Wapping was originally a Saxon settlement. This area was known as a marshland until the 16th century when it was drained. It then became a rich meadow and garden ground until it was acquired for the London Docks. By 1969, the docks at Wapping were empty. Trees were planted and it was optimistically called Wapping Woods. However, the trees could not survive and the result is the small park we have today.
If you look carefully, you will notice some telltale signs of its days as a dock, such as the iron mooring rings. Starting from March, you can find gentle crocuses here. Later in spring, some other flowers do appear. In the summer, part of the Woods consist of tall non-walkable grass with red puppies. Bird watchers love this place. Apparently, gold crest, robin and dunnock were seen here, along with magpies in the trees and occasionally you can see small flocks of starlings flying overhead.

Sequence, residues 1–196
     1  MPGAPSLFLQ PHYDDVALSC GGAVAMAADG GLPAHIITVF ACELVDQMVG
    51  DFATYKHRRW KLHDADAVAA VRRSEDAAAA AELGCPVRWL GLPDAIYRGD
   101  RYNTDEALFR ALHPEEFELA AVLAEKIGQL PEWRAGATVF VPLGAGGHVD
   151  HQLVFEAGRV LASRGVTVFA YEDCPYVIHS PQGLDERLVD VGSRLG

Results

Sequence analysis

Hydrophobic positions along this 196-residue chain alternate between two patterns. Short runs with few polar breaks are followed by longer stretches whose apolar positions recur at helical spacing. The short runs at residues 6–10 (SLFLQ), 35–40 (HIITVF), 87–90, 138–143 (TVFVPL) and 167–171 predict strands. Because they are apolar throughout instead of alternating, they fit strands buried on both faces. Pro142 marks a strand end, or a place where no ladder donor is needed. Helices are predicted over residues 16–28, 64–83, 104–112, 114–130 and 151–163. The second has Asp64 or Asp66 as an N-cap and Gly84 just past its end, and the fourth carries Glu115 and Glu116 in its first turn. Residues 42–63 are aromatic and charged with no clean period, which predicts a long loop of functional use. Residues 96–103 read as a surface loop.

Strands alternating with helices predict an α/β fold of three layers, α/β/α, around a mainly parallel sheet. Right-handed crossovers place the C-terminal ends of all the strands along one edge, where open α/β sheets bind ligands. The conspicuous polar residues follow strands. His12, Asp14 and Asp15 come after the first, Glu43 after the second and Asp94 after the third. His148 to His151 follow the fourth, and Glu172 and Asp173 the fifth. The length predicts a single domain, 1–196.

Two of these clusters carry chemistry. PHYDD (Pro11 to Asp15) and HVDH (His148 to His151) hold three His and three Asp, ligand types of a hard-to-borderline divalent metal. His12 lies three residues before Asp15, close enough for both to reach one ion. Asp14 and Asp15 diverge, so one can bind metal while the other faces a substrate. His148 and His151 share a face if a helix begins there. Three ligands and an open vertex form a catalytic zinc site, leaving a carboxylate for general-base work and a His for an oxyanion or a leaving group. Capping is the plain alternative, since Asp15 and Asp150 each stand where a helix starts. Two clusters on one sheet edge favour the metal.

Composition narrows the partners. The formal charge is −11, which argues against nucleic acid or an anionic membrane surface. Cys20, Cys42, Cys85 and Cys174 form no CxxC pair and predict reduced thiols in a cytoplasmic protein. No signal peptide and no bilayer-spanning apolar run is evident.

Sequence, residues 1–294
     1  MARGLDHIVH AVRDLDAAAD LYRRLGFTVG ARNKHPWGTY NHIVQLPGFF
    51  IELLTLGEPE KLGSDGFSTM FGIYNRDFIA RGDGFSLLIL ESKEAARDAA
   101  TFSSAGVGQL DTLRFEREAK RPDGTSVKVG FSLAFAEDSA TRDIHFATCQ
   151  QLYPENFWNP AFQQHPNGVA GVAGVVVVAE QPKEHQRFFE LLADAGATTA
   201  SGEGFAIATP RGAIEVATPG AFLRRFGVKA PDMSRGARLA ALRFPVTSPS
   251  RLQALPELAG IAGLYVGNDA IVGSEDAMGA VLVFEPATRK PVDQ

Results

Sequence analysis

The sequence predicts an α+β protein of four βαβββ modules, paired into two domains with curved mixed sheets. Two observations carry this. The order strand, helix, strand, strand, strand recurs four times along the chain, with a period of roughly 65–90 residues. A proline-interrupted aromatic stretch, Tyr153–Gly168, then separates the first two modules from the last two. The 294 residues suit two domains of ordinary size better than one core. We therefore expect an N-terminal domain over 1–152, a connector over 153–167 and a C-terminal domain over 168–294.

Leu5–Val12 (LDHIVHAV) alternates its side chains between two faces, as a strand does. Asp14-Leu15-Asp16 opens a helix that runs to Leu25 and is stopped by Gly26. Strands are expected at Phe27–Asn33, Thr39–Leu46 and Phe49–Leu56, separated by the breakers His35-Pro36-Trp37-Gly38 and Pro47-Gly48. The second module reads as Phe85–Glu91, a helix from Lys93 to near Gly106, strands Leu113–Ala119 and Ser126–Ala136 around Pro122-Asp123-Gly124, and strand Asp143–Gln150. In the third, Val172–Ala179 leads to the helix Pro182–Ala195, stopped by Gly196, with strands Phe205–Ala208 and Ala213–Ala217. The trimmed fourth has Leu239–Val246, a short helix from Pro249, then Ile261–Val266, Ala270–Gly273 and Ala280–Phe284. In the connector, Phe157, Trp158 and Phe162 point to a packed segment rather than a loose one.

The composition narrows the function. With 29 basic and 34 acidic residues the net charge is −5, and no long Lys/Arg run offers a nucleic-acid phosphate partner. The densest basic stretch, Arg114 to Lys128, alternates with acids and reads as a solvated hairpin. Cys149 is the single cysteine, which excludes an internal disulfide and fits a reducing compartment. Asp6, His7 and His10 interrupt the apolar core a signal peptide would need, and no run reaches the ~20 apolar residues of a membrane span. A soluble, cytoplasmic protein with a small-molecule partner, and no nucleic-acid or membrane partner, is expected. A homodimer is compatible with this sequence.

For more history, check out Tobacco Dock just a few meters away. It was built later than the rest of the docks, using revolutionary iron columns. This is all that remains of Alexander’s warehouses. They were redeveloped recently with the intention of becoming an exclusive shopping centre. However, it suffered during the recession and it’s still empty.
For thirsty throats I would recommend a small pub called, Town of Ramsgate with the direct riverside views.
Address: 62 Wapping High Street, London, E1W 2PN
Closest station to Wapping Woods in Wapping Overground.